# Mass spectrometryWatch

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#1
Q. A hydrocarbon has a molecular ion peak at m/e ratio of 84 (relative abundance of 62%) and an [M+1] peak with a relative abundance of 4.1%.
a. How many carbon atoms are there in the hydrocarbon?
b. What is it's molecular formula?
c. The hydrocarbon does not decolourize bromine water. Name the hydrocarbon

Thank you
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3 months ago
#2
Well I got somewhat of an idea.
Firstly, I would divide through 84 by 12 then round down. We know it can't be exact as there needs to be H involved. I got C7H14. But molecular in peak would be 86. So I'm not 100% sure.
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3 months ago
#3
It works if it does decolourise bromine as it would be C6H12 with molecular ion peak 84
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#4
(Original post by JamesAndrews1)
Well I got somewhat of an idea.
Firstly, I would divide through 84 by 12 then round down. We know it can't be exact as there needs to be H involved. I got C7H14. But molecular in peak would be 86. So I'm not 100% sure.
we can find no. Of carbon atoms by the formula
n=100/1.1 *abundance of M+1 peak/abundance of M peak..
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#5
(Original post by JamesAndrews1)
It works if it does decolourise bromine as it would be C6H12 with molecular ion peak 84
Here it does not decolourize so it's an alkane ... But just assume that if the c part of question wasn't there than how could I find the answer for b part?
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3 months ago
#6
Not entirely sure. The way I approached it yields C6H14 but that has M as 86 gmol-1
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3 months ago
#7
You said molecular ion peak was at 84, right?
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3 months ago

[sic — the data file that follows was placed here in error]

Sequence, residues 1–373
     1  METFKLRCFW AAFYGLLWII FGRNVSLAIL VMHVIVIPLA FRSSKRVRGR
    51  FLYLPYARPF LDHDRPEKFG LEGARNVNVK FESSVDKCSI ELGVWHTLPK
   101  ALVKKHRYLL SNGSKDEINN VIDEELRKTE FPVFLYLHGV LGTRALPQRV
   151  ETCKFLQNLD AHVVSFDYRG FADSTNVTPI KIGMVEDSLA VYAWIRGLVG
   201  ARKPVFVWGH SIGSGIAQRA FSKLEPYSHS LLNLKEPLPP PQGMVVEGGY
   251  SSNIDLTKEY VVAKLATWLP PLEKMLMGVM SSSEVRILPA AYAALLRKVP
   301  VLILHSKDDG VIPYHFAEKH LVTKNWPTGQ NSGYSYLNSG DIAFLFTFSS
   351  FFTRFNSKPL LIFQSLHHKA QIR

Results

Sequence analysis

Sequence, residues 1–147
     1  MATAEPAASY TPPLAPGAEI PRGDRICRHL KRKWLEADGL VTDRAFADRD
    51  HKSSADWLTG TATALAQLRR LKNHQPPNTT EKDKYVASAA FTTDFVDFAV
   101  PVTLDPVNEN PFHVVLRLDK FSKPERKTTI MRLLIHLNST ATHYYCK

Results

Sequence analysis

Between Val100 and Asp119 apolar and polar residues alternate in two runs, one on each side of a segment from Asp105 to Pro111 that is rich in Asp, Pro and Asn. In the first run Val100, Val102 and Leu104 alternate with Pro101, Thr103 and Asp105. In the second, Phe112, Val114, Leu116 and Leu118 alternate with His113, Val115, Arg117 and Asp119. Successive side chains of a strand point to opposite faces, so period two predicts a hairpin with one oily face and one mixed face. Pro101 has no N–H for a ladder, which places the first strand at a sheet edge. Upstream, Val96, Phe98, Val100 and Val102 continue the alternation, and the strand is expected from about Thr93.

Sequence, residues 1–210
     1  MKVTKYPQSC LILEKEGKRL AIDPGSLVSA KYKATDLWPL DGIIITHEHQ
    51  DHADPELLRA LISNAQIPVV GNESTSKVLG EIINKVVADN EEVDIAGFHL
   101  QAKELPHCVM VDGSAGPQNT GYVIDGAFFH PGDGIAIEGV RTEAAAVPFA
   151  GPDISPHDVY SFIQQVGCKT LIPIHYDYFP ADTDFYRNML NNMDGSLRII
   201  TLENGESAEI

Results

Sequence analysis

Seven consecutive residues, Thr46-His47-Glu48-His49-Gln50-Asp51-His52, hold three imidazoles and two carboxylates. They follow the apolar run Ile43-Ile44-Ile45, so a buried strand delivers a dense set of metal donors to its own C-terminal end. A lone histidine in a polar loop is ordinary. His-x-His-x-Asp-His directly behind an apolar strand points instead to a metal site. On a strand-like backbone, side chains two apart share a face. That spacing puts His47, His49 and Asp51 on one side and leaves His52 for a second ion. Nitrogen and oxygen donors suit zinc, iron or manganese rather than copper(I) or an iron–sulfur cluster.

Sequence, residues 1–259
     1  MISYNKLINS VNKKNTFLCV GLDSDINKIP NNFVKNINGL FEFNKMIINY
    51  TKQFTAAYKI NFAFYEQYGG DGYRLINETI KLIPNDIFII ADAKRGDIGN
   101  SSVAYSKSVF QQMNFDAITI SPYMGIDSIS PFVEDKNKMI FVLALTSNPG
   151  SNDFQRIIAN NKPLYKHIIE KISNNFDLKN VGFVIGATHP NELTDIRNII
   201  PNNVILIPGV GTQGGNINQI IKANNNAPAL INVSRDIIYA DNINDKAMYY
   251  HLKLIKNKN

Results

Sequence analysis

#8
m/e = 84 so the hydrocarbon must be C6H12
It does not decolorise bromine water, so it has no double bonds.
But it does have a double bond equivalent, so it must be cyclic.
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3 months ago
#9
0
3 months ago
#10
(Original post by JamesAndrews1)
... or methylcyclopentane
... or dimethylcyclobutane (cis and trans, 1,2 and 1,3)
... or ethylcyclobutane
... or trimethylcyclopropane (cis and trans)
... or ethylmethylcyclopropane (cis and trans)
... or propylcyclopropane

12 possible isomers (I think)
Last edited by charco; 3 months ago
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#11
(Original post by charco)
... or methylcyclopentane
... or dimethylcyclobutane (cis and trans, 1,2 and 1,3)
... or ethylcyclobutane
... or trimethylcyclopropane
... or ethylmethylcyclopropane
... or propylcyclopropane

10 isomers
Oh thanks a lot
0
3 months ago
#12
(Original post by charco)
... or methylcyclopentane
... or dimethylcyclobutane (cis and trans, 1,2 and 1,3)
... or ethylcyclobutane
... or trimethylcyclopropane (cis and trans)
... or ethylmethylcyclopropane (cis and trans)
... or propylcyclopropane
12 possible isomers (I think)
Yh, I was just being lazy. I didn't know that cyclic alkanes could exhibit cis and trans isomerism. Thanks.
Last edited by JamesAndrews1; 3 months ago
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